The Flawed Voting System of the Grammy Awards


Courtesy of Jay L Clendenin/LA Times/Shutterstock

Megan Thee Stallion won three Grammys.

Derek Ramirez Jerez, Staff Writer

Each year, the Grammys are marred with controversy as upset fans cry out and accuse the show of rigging the awards when their favorite artist does not win. This year was no different, with Megan Thee Stallion at the center of backlash, as she won three main category awards in her first year appearing in the show. While these awards were deservedly earned due to her massive success in 2020, it does not take away from the weird voting system seen throughout the years that explains the consistent outrage from fans towards the Grammys.

This year’s award show did have its share of weird voting, but Megan Thee Stallion does not fall victim to this. Whatever your opinion is on her music, she was definitely one of the most influential artists over the past year, with popular songs such as “Savage” and “WAP” headlining social media for months. TikTok, one of the most popular social media sites of this year, promoted her music immensely, with fans creating their own videos using these songs.

It is no surprise that “Savage” won her the Best Rap Song and Best Rap Performance awards, as this song greatly benefitted Megan Thee Stallion’s success over the last year. Given that she is also relatively new on the music scene, it is also justified that she won the Best New Artist award due to this prominence.

The other great controversy that sparked outrage involved The Weeknd receiving no nominations, despite “After Hours” being one of the biggest albums of the year. This album consisted of songs like “Blinding Lights,” which consistently infested radios across America throughout the year.

How can this even happen? No one really knows how artists are nominated for these awards. According to The Weeknd himself, secret committees control this process. This leaves no checks for bias in the system, as no one can hold the people responsible for the selection process accountable for their weird nominations. The voting process should be transparent to the public, or else the Grammys will continue to have this negative reputation.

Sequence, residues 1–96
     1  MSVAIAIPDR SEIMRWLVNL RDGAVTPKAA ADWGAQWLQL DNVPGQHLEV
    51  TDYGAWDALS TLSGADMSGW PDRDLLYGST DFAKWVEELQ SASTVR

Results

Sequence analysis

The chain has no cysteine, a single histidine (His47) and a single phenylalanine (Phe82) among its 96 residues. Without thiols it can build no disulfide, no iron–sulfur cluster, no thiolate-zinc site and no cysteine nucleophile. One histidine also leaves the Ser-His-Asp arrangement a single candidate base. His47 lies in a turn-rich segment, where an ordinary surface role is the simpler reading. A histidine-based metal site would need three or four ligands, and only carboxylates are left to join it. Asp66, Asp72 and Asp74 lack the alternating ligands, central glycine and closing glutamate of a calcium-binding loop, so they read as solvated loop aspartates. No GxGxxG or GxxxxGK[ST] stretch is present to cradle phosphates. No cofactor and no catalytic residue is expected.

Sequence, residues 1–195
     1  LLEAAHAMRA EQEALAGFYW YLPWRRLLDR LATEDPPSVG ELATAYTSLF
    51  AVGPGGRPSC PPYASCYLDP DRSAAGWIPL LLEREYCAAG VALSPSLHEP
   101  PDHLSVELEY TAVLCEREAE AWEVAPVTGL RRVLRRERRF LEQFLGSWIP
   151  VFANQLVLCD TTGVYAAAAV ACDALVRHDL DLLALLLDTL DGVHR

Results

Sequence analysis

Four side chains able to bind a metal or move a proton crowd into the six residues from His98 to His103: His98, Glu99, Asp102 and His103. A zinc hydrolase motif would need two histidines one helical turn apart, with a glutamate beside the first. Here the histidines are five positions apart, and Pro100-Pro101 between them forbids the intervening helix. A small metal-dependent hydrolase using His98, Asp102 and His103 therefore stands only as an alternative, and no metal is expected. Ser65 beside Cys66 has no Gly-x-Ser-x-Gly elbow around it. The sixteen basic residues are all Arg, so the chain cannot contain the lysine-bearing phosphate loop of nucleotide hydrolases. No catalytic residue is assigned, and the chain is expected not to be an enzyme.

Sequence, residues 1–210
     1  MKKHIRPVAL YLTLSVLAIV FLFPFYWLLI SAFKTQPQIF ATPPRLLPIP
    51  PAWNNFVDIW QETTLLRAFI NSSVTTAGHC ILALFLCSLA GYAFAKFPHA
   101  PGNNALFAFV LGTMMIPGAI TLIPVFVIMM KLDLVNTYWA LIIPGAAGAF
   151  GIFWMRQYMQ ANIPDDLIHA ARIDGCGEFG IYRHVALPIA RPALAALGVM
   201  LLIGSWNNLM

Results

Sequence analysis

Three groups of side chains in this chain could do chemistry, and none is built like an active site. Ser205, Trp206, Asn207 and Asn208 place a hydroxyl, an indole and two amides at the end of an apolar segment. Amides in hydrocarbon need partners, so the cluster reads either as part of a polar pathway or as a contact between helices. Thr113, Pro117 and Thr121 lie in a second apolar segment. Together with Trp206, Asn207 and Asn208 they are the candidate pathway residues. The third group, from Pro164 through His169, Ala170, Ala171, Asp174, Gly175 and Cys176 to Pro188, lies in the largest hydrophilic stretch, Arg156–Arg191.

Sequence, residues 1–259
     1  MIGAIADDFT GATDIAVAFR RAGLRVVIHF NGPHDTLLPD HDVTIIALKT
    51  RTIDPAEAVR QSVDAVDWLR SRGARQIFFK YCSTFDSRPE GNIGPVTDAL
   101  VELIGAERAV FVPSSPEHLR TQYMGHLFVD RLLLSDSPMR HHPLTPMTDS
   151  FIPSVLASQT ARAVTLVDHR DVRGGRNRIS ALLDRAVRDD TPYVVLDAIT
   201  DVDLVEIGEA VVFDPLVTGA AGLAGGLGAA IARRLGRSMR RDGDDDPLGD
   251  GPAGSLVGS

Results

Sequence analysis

This nomination process is why people see oddities in the Grammys each year. For example, a past-prime Nas won the coveted Best Rap Album award with his most recent album because the nominations he went up against were subpar. Artists such as Lil Uzi Vert, The Weeknd, DaBaby, 21 Savage and Pop Smoke released critically acclaimed albums in 2020, but none were nominated for the award. However, they had artists who struggled to peak on the Billboards running against a rap legend such as Nas. 

Even if the nominations are correct, the 2014 Best Rap Album award shows that the voting is just off at certain times. The aptly named “The Heist” album by Macklemore & Ryan Lewis won the award, beating rap titans like Kendrick Lamar, Jay-Z, Kanye West and Drake, who all released albums that are now career staples. “The Heist” obviously won because of the song “Thrift Shop,” which took the world over in a similar manner to how Megan Thee Stallion’s songs did in 2020. 

However, what the Grammys did right this year is that it separated the Best Rap Song and Best Rap Album awards, not giving “Suga,” Megan Thee Stallion’s album including “Savage,” the award or nomination. The other nominees in 2014 had more complete albums, but “The Heist” still wrongly won because of the popularity of one song. 

No one knows this for sure about who makes these decisions that sparks so much frustration among fans at the Grammys. This then leaks onto what the show actually gets right, such as with Megan Thee Stallion this year, and fans start to discredit rightly earned awards. A simple fix is to increase transparency between fans and the Grammy voters, but this seems like something the organizers of the event are not interested in doing.